The House of Representatives has adopted the report of the conference committee on the Peace Corps Bill.
The House Committee of the Whole on Thursday considered the report submitted by Ibrahim Babangida (NNPP, Katsina) and adopted the recommendations.
The lower chamber had in December 2022 passed the bill. However, there were differences in the versions passed by the House and the Senate.
Consequently, the two chambers of the National Assembly set up the harmonisation committee to address the differences.
Members of the House Conference Committee are Mr Babangida, Tijani Ismail (APC, Kwara), Chinedu Ogah (APC, Ebonyi), Ibrahim Potiskum (APC, Yobe), Abdulmumini Ari (APC, Nasarawa) and Legor Idegbo (PDP, Cross River).
The Senate members are Kashim Shettima (APC, Borno) Chairman, Abba Moro (PDP, Borno), Betty Apiafi (PDP, Rivers), Oriolowo Adelere (APC, Osun), Eyinnaya Abaribe (APGA, Abia) and Seriake Dickson (PDP, Bayelsa).
The Senate version of section 38 of the bill calls for the dissolution of the existing Peace Corps of Nigeria and the National Unity and Peace Corps. But the House version provides for the transformation of the existing Peace Corps into the new entity.
Presenting the synopsis of the report, Mr Babangida stated that the harmonisation committee met and resolved to go with the position of the House on section 38.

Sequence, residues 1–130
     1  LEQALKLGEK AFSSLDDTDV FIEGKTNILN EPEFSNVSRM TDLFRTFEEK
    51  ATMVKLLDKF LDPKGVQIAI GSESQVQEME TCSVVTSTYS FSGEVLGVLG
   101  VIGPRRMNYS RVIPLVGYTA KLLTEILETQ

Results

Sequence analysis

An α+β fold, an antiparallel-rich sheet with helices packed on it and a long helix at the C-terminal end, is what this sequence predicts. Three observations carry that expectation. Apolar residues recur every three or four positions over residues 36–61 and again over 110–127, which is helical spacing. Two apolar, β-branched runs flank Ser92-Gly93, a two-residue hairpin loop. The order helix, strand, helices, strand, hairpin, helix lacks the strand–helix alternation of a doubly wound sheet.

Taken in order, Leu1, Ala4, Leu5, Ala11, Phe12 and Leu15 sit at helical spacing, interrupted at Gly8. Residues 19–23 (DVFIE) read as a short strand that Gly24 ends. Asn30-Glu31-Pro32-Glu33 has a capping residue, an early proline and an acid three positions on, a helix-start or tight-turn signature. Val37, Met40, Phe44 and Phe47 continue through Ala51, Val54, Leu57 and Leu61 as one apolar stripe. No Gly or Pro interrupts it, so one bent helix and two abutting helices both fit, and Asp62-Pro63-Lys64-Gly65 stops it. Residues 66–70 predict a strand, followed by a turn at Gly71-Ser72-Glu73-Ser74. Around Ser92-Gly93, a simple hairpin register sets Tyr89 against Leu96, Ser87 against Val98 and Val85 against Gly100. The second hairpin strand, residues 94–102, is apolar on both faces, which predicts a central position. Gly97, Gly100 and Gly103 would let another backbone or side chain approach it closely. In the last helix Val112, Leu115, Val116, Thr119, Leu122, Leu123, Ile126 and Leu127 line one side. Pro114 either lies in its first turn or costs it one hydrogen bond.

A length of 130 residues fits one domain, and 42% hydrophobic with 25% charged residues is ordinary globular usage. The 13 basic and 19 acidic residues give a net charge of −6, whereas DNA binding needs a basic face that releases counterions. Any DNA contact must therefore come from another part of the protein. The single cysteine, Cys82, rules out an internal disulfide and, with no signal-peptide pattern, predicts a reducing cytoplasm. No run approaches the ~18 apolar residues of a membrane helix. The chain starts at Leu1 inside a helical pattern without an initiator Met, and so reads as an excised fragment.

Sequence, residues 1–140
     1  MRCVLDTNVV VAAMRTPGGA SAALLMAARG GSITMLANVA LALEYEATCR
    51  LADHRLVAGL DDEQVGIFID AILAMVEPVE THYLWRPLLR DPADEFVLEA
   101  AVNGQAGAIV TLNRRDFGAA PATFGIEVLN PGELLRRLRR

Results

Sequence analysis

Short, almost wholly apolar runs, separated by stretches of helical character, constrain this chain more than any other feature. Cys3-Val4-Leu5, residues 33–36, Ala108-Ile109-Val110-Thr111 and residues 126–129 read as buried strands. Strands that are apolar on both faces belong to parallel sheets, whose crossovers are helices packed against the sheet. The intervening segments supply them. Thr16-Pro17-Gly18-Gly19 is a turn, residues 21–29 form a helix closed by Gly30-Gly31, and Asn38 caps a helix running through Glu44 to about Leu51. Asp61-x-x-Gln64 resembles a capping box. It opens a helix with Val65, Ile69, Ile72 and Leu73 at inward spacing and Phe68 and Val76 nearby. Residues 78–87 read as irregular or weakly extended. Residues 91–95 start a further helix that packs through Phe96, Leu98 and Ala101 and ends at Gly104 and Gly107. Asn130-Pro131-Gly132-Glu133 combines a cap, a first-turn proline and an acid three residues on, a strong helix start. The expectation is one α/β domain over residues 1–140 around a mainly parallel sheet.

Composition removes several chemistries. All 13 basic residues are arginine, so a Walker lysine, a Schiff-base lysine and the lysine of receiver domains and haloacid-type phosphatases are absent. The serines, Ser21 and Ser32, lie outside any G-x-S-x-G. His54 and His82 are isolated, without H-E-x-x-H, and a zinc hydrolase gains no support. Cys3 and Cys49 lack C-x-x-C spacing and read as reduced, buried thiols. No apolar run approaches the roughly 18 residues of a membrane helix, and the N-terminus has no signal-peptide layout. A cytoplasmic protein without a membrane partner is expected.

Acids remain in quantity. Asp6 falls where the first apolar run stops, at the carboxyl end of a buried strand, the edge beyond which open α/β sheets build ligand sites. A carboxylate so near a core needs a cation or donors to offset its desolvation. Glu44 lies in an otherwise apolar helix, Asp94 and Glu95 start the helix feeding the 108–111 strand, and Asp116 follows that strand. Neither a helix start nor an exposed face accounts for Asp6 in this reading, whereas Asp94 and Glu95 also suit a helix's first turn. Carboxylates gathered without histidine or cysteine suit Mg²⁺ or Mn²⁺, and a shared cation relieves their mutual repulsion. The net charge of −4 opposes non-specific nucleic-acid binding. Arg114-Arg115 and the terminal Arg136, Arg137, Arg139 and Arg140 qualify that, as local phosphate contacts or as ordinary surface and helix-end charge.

“The conference committee met with the Senators and the resolution was that the version of the House be adopted,” he said.
Section 38 (8) of the bill provides a window of opportunity for individuals, groups, associations or bodies that show or demonstrate interest to be absorbed as members of the Corps shall be absorbed subject to the mandatory basic training and orientation program of the Corps as may be prescribed from time to time when the Bill is signed into law.
The two chambers of the National Assembly will have to pass the bill before transmitting it to the president for assent.
The Peace Corps bill was passed by the eighth Assembly in late 2017 but President Muhammadu Buhari declined assent to the legislation in February 2018, citing security concerns as one of the reasons for his decision.
He also cited paucity of funds and duplication of duties of existing security agencies by the proposed corps as other reasons for declining assent.
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